Tag Archives: Children

Over A Thousand Children Will Be Born In The Time It Takes You To Read This

15 Feb

Recently Pope Francis announced that “the choice to not have children is selfish.”

Far be it from me to disagree with the Infallible One, but I’m afraid he’s got things just a bit wrong.

In truth, a very good percentage of those who have chosen to release their spawn into the world have done so to ensure that a little piece of them will carry on even after they’re gone. Um . . . a little self-centred, no? Others feel their life philosophies (or genes) are just so super-duper, humankind needs more of them, so they spew out smaller versions of themselves to help spread the word (or the DNA). Again, you’ve got to think pretty highly of yourself to assume humankind needs more of you in it.

Others, of course, have children without having actually “chosen” to do so. Instead they chose not to take two seconds to roll on a condom and now the rest of us are paying for that choice. And we’re the selfish ones, Francis?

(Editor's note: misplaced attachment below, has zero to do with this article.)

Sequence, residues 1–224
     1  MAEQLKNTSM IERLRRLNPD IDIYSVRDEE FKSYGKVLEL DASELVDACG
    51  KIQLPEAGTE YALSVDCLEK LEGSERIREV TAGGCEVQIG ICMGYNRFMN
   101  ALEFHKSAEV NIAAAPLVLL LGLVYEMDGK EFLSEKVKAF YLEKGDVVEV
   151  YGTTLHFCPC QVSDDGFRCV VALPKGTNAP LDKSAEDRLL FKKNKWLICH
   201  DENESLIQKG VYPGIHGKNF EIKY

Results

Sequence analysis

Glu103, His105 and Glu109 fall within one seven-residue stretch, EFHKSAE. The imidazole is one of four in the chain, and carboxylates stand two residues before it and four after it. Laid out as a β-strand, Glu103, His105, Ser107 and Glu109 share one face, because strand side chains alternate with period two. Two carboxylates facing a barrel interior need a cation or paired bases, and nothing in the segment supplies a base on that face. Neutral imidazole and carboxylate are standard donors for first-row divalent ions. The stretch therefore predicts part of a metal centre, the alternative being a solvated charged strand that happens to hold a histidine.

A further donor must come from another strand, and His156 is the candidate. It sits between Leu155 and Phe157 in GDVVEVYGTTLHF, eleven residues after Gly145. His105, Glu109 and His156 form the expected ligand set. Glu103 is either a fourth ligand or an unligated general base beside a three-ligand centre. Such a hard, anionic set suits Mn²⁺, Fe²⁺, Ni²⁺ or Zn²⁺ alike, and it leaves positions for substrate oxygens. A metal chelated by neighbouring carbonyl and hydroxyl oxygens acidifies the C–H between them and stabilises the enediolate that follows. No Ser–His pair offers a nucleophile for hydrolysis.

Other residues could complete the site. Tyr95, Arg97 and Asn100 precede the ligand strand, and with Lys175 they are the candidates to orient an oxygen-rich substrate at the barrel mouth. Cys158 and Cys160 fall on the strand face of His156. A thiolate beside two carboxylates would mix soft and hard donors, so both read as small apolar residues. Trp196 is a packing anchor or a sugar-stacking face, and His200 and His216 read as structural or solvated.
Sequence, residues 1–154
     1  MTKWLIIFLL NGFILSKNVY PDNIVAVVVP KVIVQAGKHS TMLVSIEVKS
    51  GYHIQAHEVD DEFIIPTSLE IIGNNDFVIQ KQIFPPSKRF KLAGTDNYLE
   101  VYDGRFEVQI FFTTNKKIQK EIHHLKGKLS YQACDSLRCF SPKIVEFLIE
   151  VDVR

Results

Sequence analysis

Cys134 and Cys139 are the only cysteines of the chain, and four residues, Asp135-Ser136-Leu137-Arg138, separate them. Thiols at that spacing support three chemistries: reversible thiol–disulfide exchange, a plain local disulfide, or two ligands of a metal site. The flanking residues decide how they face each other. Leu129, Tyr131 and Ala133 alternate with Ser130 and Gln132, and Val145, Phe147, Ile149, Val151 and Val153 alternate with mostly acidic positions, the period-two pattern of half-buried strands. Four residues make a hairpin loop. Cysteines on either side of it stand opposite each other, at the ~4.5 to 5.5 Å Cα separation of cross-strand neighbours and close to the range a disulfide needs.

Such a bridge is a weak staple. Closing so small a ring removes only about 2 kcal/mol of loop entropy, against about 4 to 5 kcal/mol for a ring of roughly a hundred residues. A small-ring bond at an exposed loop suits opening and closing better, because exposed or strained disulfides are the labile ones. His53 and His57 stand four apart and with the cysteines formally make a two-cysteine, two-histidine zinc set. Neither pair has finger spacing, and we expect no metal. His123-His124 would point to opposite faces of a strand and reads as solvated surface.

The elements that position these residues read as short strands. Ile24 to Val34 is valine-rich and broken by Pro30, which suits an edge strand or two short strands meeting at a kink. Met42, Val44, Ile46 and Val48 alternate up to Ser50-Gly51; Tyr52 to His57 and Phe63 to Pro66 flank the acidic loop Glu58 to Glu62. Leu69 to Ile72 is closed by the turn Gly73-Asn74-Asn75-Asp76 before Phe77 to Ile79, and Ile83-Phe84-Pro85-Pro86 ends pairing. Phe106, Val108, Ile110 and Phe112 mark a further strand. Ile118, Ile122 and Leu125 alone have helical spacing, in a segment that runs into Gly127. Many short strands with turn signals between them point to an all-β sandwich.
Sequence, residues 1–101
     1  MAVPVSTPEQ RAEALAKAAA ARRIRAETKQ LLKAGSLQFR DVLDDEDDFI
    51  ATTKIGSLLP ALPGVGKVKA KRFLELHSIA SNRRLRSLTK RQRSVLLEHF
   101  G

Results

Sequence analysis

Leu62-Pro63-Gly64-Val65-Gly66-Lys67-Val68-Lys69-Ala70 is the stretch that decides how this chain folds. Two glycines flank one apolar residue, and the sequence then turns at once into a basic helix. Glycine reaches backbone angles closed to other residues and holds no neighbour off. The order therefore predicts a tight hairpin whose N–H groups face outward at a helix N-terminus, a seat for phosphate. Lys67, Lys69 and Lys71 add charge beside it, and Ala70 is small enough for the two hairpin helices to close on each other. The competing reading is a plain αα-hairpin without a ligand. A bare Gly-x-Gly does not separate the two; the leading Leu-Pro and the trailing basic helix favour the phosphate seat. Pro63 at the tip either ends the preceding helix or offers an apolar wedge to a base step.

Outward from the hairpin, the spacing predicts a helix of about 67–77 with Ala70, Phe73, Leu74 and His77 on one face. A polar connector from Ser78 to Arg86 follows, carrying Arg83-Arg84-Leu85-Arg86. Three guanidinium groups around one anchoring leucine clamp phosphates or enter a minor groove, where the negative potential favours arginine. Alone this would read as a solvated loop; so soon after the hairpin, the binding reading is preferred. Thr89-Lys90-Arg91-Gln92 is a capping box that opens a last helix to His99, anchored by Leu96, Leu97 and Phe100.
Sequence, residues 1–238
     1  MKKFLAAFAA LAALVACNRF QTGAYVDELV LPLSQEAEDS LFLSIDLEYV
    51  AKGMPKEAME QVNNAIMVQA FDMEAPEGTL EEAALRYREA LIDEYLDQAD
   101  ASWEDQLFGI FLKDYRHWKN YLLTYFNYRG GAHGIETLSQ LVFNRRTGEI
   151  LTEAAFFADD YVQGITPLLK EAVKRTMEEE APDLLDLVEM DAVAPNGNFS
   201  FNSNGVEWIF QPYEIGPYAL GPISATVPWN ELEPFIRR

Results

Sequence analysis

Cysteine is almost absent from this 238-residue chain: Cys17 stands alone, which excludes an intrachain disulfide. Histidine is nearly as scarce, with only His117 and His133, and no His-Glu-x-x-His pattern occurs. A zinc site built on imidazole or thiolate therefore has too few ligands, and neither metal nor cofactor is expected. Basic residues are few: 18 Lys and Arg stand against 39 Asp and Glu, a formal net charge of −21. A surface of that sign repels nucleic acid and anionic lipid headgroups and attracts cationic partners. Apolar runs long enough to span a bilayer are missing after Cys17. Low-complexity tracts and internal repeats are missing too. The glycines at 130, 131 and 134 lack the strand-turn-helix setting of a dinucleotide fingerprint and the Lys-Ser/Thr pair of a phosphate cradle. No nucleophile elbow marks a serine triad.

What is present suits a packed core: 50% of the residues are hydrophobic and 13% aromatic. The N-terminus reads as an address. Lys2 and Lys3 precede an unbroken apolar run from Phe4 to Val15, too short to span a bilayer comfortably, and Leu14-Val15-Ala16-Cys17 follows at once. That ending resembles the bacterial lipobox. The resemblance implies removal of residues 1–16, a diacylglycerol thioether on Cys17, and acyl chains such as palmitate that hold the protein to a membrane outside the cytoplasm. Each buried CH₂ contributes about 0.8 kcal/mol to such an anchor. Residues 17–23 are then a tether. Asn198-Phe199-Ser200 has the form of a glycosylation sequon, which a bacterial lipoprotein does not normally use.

He also condemned a “greedy generation” that doesn’t surround itself with children and considers them a worry or a risk. Okay, now, hold up there, Holy Father. Have you looked around recently? Everywhere I go, I’m surrounded by children (particularly on the No. 43 into the City Centre). Without a single one passing through my birth canal, I still can’t get away from kids. And while I’m not saying no one should ever reproduce, kids can be a worry and a risk. They could get poorly or caught up in the dangers that seem to lurk behind every corner or they could vote Tory or support Man United. These are real concerns, good sir, and to pretend they don’t matter is unfair.

Lastly, he said, that life “is enriched, not impoverished” by children. I know he was speaking metaphorically, but it’s expensive to have a kid, especially if you plan to kit it out in a way that will keep other ‘unselfish’ people’s kids from bullying it on the schoolyard. Children are notorious bank breakers, and we mustn’t pretend they’re not.